Gamefroot this week!

Don't get ahead of yourself!

 

 

Hey guys and welcome to another episode of ‘Man that Game is Good’! You’ll notice that starting from today these blog posts will be branching out a tad. Not only will I be sharing with you the bestest user games on the site, but I will also share with you features about upcoming Gamefroot games and the odd user tip to get you guys making even better games, so that I can mention them here!

So let’s get into it! If you are looking for a nice, simple platform game then take a look at Paul by Tracey McKenzie. This is an enjoyable and accessible game to all with a few cheeky traps to catch you up as you search for the end point, battling robots and Asian business men as you go (you’ll have to ask Tracey as to the significance of the business men). The overall design is interesting and varied, and it is satisfying to get to that end point after having been tricked out of it (admittedly on more than one occasion). I would love to see more games from Tracey that build upon this clean and user friendly format. Keep up the good work Tracey!

Another short but sweet game that I have to mention is Fresh Sushi Adventures by fightproject. As soon as you open this game you’ll see why it’s worth a look. It is always great to see you guys using your own tiles in a game to create the customized world that is right for you. So then, it is flippin’ wondrous to see these fellows’ friendly faces darting about the screen, it is marvellous to witness the alternate facial expressions as you or your enemies kick the bucket, but most of all it is simply awesome that the lead character can hold a gun..i mean, how is he gripping that thing? Does he have it wedged in his nose? That is talent…thank you happy face man for making me smile today.

If you are looking for a real challenge this week, then take a look at Death Pizza v 0.1 by Richard de Jonge. This game is awesome and should offer you plenty of tricky platform challenges to overcome! First off, I love that this game starts you off with a clear and precise focus, narrated beautifully. The music fits great to the fiery background, and the walk speed tweak has created a really nifty ‘slide’ effect; so make sure to be careful every time you jump to a new platform, cause you may just slide right into a bucket of fresh hot flame! This game is really nicely laid out, with a very simple architecture and appropriate use of tiles. The appearance of the firework effect, which is available in an items’ advanced features, creates another rather pleasing aesthetic to the bubbling lava as it spews tiny orange pixels into the air. And the really good news is that Richard has promised us that there will be more levels to come!!  YES! This game is great, so go play it!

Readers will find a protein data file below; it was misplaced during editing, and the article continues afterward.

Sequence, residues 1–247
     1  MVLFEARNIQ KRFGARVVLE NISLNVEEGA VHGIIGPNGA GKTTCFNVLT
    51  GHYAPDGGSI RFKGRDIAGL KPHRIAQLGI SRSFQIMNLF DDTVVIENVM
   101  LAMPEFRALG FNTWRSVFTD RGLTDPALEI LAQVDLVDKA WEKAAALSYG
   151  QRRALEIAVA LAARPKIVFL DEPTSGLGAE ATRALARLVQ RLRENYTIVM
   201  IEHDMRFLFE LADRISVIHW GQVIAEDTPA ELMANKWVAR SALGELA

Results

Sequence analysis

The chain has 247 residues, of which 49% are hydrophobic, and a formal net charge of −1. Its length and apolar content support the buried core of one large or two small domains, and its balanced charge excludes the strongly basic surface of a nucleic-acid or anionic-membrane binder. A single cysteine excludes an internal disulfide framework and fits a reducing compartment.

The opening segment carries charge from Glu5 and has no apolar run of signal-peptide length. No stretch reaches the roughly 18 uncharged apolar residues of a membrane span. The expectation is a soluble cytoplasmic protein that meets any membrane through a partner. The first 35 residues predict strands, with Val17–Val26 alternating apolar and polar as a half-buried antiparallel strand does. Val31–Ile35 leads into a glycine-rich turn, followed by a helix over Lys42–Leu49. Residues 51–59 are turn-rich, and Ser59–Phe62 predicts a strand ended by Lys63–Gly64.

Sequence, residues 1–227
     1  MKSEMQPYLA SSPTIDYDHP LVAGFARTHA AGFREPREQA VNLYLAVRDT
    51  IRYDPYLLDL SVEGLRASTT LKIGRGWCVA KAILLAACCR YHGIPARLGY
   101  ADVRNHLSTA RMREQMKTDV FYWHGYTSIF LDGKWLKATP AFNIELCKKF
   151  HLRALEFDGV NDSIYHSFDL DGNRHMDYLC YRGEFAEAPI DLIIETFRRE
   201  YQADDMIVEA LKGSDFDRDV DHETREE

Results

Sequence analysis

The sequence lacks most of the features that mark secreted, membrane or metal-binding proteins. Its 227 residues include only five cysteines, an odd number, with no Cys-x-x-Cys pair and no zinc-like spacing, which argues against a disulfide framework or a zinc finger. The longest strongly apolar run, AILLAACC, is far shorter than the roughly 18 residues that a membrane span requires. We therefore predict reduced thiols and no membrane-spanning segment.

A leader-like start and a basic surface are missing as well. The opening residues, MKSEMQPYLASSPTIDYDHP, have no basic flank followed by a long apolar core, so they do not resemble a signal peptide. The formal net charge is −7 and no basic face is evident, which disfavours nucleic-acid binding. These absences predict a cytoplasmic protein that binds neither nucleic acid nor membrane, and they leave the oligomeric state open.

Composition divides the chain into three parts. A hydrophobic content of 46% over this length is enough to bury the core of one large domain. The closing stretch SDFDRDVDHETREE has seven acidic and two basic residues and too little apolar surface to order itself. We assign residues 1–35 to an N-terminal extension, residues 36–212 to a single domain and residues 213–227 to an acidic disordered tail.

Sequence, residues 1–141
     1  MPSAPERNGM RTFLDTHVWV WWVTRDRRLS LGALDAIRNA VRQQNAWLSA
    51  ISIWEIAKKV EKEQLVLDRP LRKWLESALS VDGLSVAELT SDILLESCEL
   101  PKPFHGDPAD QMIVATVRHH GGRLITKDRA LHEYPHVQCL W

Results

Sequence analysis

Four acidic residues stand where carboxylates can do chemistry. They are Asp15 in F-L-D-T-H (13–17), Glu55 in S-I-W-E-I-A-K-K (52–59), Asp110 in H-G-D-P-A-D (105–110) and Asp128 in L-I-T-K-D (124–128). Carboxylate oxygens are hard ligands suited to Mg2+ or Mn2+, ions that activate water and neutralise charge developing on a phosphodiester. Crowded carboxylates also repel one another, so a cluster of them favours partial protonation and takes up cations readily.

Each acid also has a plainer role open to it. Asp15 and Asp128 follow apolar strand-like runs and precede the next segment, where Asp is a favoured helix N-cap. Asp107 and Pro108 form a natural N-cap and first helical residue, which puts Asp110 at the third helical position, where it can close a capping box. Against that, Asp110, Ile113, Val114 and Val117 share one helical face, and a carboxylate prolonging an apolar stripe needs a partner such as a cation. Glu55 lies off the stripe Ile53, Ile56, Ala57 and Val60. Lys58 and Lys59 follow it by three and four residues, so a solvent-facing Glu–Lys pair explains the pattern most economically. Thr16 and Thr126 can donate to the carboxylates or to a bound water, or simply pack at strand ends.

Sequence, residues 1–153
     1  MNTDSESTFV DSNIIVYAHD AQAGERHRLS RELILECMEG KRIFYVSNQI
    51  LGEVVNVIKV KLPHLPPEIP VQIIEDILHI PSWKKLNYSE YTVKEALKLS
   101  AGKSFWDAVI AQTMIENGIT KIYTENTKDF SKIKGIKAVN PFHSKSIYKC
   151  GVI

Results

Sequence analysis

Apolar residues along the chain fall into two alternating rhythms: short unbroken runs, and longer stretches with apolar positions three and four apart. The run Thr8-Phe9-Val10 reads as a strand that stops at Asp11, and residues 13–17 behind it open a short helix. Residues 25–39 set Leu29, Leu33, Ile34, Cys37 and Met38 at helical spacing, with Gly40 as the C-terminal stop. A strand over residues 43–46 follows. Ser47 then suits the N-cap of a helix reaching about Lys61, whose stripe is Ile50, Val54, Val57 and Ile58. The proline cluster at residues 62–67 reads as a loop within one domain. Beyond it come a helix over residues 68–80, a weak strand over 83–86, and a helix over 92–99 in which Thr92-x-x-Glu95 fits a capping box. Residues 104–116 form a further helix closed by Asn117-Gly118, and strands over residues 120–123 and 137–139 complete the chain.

Well that’s it my fellow gamers until next week, when I will be reviewing the greatly anticipated sequel to our most played game, Super Froot Box!!! Get yourself ready for that one and have a great week!!

Rayne Leafe and the Gamefroot team.

 

 

 

 

 

 

 

 

 

 

Share your games

Note: an updated version of this tutorial is here http://gamefroot.com/knowledgebase/publishing-your-game-to-share-it-with-the-world/

 

Sharing your Gamefroot creations is simple. If you have published your game then it will appear on the Browse Games page (if it is popular enough), and the All Games page.

To share a specific game with people, click the share button underneath the game on the Gamefroot website.

Continue reading “Share your games”

Oops! Play counter reset

Sorry folks! Due to a technical error we lost play counts between Friday the 11th May and Tuesday the 15th of May. Over 5000 plays had been misallocated, and as such many games were getting inaccurate play counts, therefere we had no choice but to reset counts between these dates.

We don’t want people to think that their games have hardly been played – it’s simply not true. Your games are all being played! We have now fixed the play counter, so from now on you will all be seeing accurate play counts.

Once again, we apologize for any inconvenience regarding the play counts. We are striving to make the best game sharing experience possible, so we appreciate your feedback.